Speed of development? GM is flexible enough and good enough to allow any 2d game or application to be made. I actually create more programs in GM than games. I have some experience with C++ and OpenGL and I just don't want to waste 2 days just to make the very basics of the program. In GM I can have a working prototype 3 days after beginning of the development and ready program about a week later. That is why people who have experience in other languages use GM a lot. Now when GM can run on many platforms it is almost stupid to make games in any other development tool.


Ah, I see. I had no idea GM was that generally useful. I mean, it's certainly been a great help to me, but I didn't realize it was that good. That makes me feel better about using it. (:

Plenty of members here are capable of that. If they truly need something better, they can build it. But if GM does what they want, why spend time/effort developing something else?

Tailors don't necessarily make all their own clothes. Not every carpenter builds his own home.


I sort of had a feeling that might be the case, but I wanted to ask anyway.

Edited by FakeKraid, 23 March 2011 - 10:05 PM.

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#44 Gamer3D

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Posted 24 March 2011 - 06:34 AM

Ah, I see. I had no idea GM was that generally useful. I mean, it's certainly been a great help to me, but I didn't realize it was that good. That makes me feel better about using it. (:

It's not that it's that good. It uses a slow interpreter, has important parts of it programmed naively, and doesn't have many advanced language features.

I use it because it doesn't need much effort. If I want to create something that works fast, I'll do it in C++.

Anyway, back to the topic at hand:
  • Pros of implementing complex numbers: Easier computation of roots of cubic/quartic equations, some other computations.
  • Cons: Adding the proper constant i would break scripts that use that to increment (I use i as a temporary variable every so often) and would break many extensions, specifically the ones that use GMAPI and my priority queues, which would then be receiving a different input for the same variables. Ambiguities would also occur. For example, is (2 - i > 1)? Extra checks before functions such as graphics would slow GM (though not significantly, because all GM function calls are already slow) as would the additional calculations every time a variable is multiplied/added/subtracted/divided/square-rooted/exponentiated/sined/cosined/tangented/etc.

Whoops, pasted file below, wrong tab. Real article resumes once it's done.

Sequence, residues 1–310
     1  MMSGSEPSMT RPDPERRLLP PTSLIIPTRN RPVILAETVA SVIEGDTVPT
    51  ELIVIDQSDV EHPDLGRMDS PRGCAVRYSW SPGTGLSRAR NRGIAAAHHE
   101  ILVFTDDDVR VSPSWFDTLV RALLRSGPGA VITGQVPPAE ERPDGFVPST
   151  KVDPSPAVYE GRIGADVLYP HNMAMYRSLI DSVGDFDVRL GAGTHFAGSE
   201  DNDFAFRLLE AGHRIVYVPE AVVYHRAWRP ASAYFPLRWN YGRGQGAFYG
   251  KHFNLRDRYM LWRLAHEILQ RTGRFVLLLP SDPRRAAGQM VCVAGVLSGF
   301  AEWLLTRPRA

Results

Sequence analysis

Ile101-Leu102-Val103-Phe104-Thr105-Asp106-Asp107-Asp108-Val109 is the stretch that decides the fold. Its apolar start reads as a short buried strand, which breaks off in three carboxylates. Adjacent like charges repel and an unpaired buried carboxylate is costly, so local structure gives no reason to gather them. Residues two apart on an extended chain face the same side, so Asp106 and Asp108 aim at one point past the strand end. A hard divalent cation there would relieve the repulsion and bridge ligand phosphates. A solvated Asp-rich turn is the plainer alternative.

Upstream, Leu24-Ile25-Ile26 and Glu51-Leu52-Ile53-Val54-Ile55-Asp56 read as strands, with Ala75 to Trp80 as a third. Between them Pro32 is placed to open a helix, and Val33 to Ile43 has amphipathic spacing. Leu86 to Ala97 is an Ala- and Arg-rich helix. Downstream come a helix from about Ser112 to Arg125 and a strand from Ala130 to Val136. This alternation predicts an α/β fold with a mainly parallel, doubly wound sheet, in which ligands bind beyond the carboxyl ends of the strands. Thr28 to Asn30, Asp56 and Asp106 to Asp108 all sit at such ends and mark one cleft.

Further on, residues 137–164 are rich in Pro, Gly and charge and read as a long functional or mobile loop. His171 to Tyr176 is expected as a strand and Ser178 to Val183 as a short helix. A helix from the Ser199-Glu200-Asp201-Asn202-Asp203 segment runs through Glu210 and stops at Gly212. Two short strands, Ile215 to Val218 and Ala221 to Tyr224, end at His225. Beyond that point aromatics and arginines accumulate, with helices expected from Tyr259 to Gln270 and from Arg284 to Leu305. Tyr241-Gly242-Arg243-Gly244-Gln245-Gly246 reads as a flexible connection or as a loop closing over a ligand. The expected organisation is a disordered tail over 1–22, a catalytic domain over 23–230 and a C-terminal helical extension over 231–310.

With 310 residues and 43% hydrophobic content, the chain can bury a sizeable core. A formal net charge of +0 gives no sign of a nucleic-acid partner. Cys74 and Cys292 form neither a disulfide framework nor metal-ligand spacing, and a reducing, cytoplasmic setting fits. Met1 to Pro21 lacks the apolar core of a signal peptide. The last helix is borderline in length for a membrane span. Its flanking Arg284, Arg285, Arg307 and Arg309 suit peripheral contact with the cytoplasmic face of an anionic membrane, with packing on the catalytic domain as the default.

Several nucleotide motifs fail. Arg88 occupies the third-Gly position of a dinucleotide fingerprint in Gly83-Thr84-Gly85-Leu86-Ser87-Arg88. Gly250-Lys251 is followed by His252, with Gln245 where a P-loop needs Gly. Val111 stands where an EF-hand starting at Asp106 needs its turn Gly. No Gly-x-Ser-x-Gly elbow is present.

In short, the disadvantages, especially the ambiguity problem, make this not worth putting into Game Maker and in fact make it worthwhile to avoid adding this.

[sarcasm]Also, if we add complex numbers, why stop there? Quaternions would be nice. Same disadvantages as before (and more), but could simplify those 8 calculations where they are used.[/sarcasm]
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#45 xshortguy

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Posted 24 March 2011 - 08:57 AM

Ambiguities would also occur. For example, is (2 - i > 1)?


There's no ambiguity there. The complex numbers don't have that partial ordering relationship.

One can use the capital letter I for imaginary numbers, or even a delimiter such as ~. A + ~B = A + BI. However, it would make more sense to simply add a struct to do this.

Also, if we add complex numbers, why stop there? Quaternions would be nice. Same disadvantages as before (and more), but could simplify those 8 calculations where they are used.


I wish there would be native support functions for both matrices and quaternions, because they are very useful. They won't be inline such as a + b*i + c*j + d*k, but rather like classes in C++.
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#46 Yourself

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Posted 24 March 2011 - 09:03 AM

Ambiguities would also occur. For example, is (2 - i > 1)?


That's no more ambiguous than "cat" > 4. The complex numbers are not an ordered field, so it's meaningless to try to compare them.

Extra checks before functions such as graphics would slow GM (though not significantly, because all GM function calls are already slow)


You mean the same checks that GM already performs to make sure you're not passing in a string?

as would the additional calculations every time a variable is multiplied/added/subtracted/divided/square-rooted/exponentiated/ sined/cosined/tangented/etc.